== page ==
David Matthews (no, not that one) wrote and recorded this song for Classic Images’ Civil War 125th Anniversary Series VHS (1987) on the Battle of Spotsylvania Court House. It also appeared on his 1994 album Shades of Blue & Gray: Songs From The Civil War, released by Delta, and re-released on various alternatively-titled albums over the years. “Muleshoe” refers to a salient in the Confederate breastworks at the Battle of Spotsylvania.

As Yankees fixed their bayonets to charge the Muleshoe
they laid their knapsacks and their bedding down
With death so close beside them they weren’t goin’ very far
In a moment there’d be life’s blood on the ground

Carved in blood-red soil rebels built their fortress well
Like a lion with its pride they vowed to fight
And their earthen scar would prove to be a grave for Yankee blue
Raw courage was their armor inside the Muleshoe

Place the ring upon your finger and the laurel on your head
And the golden star upon your crisp lapel
If only for a moment just inside the Muleshoe
The price was paid for glory by the gray and by the blue

Like a dagger poised in darkness Federals waited for the call
To slash into the rebels in their way
Like a ninety-nine pound hammer Yankees charged down at the pines
And the searing flames of rifles sent the rebels to their graves

Battle of Spottsylvania by Thure de Thulstrup

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Civil War Ballads: Kelly’s Irish Brigade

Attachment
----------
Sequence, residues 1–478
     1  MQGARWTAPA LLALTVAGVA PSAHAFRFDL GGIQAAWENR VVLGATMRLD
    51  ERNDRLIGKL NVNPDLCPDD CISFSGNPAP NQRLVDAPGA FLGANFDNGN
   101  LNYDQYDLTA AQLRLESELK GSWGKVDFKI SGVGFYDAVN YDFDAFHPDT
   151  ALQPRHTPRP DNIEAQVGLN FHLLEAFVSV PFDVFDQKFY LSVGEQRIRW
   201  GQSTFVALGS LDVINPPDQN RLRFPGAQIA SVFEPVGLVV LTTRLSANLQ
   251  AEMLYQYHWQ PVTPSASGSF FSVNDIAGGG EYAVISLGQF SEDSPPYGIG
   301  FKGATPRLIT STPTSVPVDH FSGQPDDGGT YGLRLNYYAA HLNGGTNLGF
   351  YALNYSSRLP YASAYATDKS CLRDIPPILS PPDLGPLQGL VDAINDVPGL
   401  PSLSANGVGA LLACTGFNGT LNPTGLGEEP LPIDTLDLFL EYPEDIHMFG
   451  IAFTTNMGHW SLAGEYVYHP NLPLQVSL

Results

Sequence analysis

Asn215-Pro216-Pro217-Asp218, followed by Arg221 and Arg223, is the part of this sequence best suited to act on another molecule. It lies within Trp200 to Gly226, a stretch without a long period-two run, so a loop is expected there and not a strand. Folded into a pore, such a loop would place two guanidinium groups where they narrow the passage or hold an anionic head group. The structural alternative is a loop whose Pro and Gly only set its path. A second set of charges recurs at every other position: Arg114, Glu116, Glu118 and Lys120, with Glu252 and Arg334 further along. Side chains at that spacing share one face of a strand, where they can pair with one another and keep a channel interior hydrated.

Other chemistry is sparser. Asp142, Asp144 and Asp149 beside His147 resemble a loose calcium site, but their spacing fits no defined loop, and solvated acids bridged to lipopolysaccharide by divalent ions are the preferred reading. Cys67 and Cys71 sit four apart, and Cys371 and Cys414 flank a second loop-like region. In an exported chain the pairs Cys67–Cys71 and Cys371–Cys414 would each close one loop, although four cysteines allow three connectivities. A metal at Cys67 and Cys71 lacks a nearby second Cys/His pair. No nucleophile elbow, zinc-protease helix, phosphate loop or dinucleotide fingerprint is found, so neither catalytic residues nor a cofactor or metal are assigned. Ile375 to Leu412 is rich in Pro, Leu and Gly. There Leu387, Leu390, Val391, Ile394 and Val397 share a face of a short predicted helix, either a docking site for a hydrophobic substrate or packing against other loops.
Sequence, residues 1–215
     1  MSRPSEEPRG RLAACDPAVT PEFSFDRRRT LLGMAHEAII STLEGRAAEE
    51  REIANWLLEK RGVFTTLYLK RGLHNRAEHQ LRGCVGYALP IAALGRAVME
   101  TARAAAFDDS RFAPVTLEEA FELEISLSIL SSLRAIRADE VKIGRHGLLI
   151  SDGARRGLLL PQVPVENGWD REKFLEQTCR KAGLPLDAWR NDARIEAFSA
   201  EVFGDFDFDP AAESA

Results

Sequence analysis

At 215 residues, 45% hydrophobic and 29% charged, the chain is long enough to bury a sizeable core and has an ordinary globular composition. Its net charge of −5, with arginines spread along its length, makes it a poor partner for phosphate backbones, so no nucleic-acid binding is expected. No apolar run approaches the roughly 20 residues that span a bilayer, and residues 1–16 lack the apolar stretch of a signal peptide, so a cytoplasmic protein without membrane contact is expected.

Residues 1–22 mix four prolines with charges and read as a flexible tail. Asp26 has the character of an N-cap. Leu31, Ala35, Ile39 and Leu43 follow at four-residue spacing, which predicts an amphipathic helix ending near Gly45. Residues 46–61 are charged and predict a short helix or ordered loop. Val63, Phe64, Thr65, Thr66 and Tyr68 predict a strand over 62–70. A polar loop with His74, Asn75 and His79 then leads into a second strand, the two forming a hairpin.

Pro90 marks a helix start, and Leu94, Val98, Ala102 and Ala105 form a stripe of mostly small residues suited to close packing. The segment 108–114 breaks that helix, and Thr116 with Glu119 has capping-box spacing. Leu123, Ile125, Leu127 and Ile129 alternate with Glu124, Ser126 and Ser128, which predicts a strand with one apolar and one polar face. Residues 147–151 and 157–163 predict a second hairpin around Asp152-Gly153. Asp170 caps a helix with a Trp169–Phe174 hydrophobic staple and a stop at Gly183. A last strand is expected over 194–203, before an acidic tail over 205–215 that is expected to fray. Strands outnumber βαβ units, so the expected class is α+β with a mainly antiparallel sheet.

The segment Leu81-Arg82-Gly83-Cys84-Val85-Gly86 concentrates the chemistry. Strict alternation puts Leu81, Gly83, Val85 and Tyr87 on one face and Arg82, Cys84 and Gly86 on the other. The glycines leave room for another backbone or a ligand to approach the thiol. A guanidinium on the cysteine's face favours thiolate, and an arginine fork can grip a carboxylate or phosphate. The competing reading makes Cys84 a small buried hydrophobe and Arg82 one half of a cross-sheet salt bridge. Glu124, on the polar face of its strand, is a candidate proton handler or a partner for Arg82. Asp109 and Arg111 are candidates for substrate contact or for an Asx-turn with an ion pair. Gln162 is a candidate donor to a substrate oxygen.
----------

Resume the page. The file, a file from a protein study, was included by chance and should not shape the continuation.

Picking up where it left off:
Songs singing tribute to Irish soldiers are popular, and since nearly 200,000 Irish immigrants fought in the American Civil War, it’s no surprise so many versions of songs like “Paddy’s Lamentation” and “Kelly’s Irish Brigade” have been recorded. Research suggests “Kelly’s Irish Brigade” was written early in the war, and that there is a Northern and Southern version. The following lyrics are decidedly pro-Southern, and this version was recorded by David Kincaid for his album The Irish-American’s Song (2006).

Colonel Joseph M. Kelly’s Washington Blues regiment was considered the Confederacy’s “Irish brigade”

Listen all ye that hold communion
With southern Confederates bold
While I tell you of some men who for the Union
In the northern ranks were enrolled;
They came to Missouri in their “glory,”
And thought, at their might, we’d be dismayed;
But they soon made them tell a different story